See, the British imperial system wasn’t standardized until years after we won our independence, so the system we use is pretty much unique. For example, our ton is 2,000 pounds, while the British ton is 2,200 pounds. Our gallon is slightly smaller, too:

See that? One U.S. gallon is 0.8 imperial gallons

Our system of length is the same, though, because of an agreement we signed with the British Empire in 1959. Except that this would have meant all the maps that define the state lines and property lines would have needed to be recalibrated, so out of laziness and cost-saving we basically preserved the old system of measure as “surveyor’s measure”, which is still used in deeds and property rights disputes today.

Socialism equals demon-spawned system

If you go to most democratic countries around the world, you will have a variety of political parties to choose from at election time, but usually two main ones will get the most votes: a conservative one and a socialist one. Wait, what? See, in most countries “socialist” and “left-wing” are pretty much one and the same. Liberals proudly and unashamedly identify themselves as socialists. But over here, if you call a Democrat a “socialist”, he or she will be offended; most liberals prefer a label like “progressive”.

NOTE: I am not passing judgement on anybody’s political views; I am just stating what people’s attitudes are.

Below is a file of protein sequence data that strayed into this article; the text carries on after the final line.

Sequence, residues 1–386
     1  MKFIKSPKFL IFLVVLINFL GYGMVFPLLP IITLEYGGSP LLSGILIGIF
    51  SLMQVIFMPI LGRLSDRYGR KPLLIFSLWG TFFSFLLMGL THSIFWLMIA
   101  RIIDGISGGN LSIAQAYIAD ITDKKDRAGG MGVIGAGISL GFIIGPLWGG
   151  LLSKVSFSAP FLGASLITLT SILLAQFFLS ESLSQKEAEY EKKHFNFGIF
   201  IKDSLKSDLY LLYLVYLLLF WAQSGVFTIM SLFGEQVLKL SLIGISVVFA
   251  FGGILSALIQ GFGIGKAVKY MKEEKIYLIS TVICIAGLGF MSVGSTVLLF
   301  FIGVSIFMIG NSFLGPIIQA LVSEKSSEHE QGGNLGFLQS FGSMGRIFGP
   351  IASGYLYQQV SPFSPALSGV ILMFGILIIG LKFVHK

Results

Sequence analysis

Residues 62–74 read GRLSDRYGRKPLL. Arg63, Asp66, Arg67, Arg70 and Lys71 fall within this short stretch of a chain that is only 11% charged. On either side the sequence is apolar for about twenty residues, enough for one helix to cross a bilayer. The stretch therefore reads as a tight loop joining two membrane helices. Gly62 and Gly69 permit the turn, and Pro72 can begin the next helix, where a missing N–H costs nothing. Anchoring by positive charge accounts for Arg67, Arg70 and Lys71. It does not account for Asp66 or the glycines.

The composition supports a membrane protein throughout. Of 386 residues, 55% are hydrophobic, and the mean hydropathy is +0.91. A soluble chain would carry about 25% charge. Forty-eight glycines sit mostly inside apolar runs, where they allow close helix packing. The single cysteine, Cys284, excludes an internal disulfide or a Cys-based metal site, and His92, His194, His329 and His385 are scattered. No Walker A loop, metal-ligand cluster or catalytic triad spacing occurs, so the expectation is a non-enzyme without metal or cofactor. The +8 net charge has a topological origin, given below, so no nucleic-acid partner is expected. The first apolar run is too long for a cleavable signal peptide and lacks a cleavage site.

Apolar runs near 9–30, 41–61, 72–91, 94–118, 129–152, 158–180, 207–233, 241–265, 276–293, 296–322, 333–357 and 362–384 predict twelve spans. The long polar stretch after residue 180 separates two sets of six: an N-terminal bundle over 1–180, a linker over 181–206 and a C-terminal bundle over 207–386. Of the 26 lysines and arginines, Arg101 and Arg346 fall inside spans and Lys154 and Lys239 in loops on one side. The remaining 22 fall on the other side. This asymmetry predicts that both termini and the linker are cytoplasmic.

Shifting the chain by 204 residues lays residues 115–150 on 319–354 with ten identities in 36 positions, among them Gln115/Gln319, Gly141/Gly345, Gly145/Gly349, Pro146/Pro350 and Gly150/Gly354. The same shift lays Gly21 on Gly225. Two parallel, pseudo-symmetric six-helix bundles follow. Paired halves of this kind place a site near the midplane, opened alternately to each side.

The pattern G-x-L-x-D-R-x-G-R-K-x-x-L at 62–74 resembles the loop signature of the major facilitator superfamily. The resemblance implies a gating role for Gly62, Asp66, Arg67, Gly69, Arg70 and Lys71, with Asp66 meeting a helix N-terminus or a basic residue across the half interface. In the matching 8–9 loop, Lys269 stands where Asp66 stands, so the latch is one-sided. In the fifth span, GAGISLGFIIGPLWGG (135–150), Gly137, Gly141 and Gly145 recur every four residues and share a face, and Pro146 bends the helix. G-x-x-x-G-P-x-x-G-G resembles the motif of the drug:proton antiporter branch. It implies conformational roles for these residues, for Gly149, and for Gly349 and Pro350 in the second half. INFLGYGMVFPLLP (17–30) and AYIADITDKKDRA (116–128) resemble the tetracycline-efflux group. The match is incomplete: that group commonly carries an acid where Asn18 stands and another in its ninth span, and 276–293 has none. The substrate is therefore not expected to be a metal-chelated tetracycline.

Why is this? Well, back in the late 19th century, socialism was actually quite popular among the working classes over here; most trade unions were started by socialists. There is one tiny detail though: many of these working-class people in the trade unions were immigrants. This meant socialism always had a connotation of “foreignness” in the minds of many native-born Americans. So when the Bolsheviks took over Russia, and a series of bombings took place at Wall Street and Washington, D.C. in 1919, “foreign radicals” were blamed and an up-and-coming J. Edgar Hoover (you know, that FBI Director from “Untouchables” and “Public Enemies”) launched a series of sting operations against major socialist groups. A few decades later, and this guy showed up:

 

Sen. Joseph McCarthy led a now-infamous series of attacks against anyone suspected of being a communist. This meant that liberals were forced to deny that they were socialists, at least in public, to avoid suspicion.

It must seem weird to foreigners that we are so vehemently anti-socialist. But that’s America for you: just doing our own thing.

Information mainly from Wikipedia. Credits for the images can be seen when you hover the mouse over them.

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4 Responses to Five things that are uniquely American